Selection of suitable vectors for the cloning of KmLAT1 or PgLAT2 polynucleotide molecules encoding the KmLAT1 or PgLAT2 polypeptides of this disclosure depends upon the host cell in which the vector will be transformed, and, where applicable, the host cell from which the target polypeptide is to be expressed. Suitable host cells for expression of KmLAT1 or PgLAT2 polypeptides include prokaryotes, yeast, and higher eukaryotic cells, each of which is discussed below. Selection of suitable combinations of vectors and host organisms is a routine matter from a perspective of skill.

The KmLAT1 or PgLAT2 polypeptides to be expressed in such host cells may also be fusion proteins that, include sequences from other proteins. As discussed above, such regions may be included to allow, for example, enhanced functionality, improved stability, or facilitated purification of the KmLAT1 or PgLAT2 polypeptide. For example, a nucleic acid sequence encoding a peptide that binds strongly to arabinose may be fused in-frame to the transmembrane sequence of the KmLAT1 or PgLAT2 polypeptides so that the resulting fusion protein binds arabinose and transports the sugar across the cell membrane at a higher rate than the KmLAT1 or PgLAT2 transporter.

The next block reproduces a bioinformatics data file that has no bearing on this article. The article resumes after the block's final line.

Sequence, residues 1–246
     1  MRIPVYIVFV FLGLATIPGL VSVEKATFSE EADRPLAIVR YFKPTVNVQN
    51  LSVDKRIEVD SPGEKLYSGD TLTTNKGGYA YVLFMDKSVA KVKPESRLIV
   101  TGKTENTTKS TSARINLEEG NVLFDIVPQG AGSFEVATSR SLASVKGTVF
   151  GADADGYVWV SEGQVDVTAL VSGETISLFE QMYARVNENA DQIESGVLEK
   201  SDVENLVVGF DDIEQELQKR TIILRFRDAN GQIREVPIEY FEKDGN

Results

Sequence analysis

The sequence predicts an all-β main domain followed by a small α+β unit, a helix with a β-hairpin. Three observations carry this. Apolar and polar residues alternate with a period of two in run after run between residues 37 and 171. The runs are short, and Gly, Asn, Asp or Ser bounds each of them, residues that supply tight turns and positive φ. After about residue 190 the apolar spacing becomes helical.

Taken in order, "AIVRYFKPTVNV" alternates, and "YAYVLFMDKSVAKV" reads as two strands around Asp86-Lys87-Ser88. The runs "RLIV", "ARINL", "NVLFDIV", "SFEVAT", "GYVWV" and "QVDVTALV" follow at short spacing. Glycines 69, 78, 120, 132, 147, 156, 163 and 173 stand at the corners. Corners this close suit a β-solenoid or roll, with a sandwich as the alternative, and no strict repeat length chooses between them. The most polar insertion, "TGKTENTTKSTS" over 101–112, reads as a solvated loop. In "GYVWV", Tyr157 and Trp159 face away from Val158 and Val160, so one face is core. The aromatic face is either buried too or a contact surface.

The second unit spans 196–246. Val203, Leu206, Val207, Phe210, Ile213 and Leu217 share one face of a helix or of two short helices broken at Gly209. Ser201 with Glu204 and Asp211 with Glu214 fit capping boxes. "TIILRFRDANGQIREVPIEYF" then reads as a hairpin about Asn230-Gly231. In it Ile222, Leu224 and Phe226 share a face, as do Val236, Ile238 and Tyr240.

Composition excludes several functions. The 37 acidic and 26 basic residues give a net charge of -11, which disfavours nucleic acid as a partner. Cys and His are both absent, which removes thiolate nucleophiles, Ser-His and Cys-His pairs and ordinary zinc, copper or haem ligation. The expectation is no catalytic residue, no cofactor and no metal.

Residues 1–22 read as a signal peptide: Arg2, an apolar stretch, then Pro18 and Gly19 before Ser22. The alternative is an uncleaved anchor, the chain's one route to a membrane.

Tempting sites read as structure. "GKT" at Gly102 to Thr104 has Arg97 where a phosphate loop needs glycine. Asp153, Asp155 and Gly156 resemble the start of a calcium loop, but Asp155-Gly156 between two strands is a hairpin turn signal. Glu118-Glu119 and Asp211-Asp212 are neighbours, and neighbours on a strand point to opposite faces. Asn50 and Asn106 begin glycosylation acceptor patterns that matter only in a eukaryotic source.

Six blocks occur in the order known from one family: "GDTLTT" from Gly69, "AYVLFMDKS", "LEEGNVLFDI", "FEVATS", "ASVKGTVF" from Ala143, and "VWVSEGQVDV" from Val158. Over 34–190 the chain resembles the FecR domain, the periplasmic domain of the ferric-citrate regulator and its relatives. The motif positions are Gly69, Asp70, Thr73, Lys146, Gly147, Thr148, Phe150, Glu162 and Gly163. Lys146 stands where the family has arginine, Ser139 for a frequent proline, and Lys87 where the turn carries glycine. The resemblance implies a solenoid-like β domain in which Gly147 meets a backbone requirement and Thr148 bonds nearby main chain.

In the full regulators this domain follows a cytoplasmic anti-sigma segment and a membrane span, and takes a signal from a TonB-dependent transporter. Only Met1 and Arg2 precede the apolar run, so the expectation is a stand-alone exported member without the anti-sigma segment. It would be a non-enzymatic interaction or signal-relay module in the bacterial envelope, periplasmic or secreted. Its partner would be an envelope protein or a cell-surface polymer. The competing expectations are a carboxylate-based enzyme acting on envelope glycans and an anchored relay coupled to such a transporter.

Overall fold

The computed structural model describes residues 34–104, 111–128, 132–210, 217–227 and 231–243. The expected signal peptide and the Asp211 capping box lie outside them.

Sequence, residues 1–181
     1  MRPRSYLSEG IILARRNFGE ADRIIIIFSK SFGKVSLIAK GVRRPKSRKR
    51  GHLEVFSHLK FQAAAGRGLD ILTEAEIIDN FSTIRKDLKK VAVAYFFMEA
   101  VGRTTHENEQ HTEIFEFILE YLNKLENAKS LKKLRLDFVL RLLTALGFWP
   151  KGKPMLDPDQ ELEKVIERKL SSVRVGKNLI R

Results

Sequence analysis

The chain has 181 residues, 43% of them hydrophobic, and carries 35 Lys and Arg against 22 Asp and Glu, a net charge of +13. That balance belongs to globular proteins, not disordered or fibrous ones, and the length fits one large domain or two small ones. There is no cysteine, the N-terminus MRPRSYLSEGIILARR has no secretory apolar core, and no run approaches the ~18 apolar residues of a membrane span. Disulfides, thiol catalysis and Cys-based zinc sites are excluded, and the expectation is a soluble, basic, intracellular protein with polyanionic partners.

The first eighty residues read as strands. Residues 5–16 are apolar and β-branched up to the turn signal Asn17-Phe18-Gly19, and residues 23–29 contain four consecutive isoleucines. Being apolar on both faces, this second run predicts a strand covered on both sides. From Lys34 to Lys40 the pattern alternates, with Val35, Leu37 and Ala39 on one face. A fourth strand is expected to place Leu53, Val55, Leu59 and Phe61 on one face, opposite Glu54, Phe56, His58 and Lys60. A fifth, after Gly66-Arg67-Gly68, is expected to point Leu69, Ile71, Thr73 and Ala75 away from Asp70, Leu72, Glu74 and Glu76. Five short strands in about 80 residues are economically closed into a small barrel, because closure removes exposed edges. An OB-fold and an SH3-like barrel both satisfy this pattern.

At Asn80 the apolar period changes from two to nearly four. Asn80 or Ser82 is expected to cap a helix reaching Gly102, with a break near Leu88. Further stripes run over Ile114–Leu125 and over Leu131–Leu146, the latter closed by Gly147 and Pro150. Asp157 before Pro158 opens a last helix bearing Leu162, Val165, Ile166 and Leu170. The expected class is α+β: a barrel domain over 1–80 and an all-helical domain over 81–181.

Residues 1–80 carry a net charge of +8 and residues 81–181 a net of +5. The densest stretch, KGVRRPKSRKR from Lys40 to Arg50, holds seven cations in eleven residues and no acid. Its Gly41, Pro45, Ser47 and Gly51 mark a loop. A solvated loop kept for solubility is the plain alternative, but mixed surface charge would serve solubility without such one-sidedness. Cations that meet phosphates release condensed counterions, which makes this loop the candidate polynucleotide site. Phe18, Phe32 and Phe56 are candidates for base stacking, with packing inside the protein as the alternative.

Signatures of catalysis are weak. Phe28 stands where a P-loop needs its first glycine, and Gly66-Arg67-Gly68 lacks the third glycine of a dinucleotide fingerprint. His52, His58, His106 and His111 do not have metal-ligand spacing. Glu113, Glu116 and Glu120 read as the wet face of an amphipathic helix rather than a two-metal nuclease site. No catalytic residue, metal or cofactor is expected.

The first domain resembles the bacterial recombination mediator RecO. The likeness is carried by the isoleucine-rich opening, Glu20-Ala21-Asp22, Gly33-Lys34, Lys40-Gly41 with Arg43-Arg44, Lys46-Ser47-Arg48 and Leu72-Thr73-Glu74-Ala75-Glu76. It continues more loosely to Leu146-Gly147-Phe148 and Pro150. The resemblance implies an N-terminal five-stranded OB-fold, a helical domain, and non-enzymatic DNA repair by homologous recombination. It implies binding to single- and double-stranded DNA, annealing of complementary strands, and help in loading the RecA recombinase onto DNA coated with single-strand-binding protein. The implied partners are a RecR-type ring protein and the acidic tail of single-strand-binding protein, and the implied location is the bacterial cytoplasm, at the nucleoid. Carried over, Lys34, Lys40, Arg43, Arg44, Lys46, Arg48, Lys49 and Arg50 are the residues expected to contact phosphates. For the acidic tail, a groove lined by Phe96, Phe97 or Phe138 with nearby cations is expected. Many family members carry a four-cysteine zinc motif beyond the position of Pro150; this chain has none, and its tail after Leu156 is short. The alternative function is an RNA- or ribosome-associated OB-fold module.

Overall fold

Suitable host cells for expression of target polypeptides include prokaryotes, yeast, and higher eukaryotic cells. Suitable prokaryotic hosts to be used for the expression of these polypeptides include bacteria of the genera Escherichia, Bacillus, and Salmonella, as well as members of the genera Pseudomonas, Streptomyces, and Staphylococcus.

Expression vectors for use in prokaryotic hosts generally comprise one or more phenotypic selectable marker genes. Such genes encode, for example, a protein that confers antibiotic resistance or that supplies an auxotrophic requirement. A wide variety of such vectors are readily available from commercial sources. Examples include pSPORT vectors, pGEM vectors (Promega, Madison, Wis.), pPROEX vectors (LTI, Bethesda, Md.), Bluescript vectors (Stratagene), and pQE vectors (Qiagen).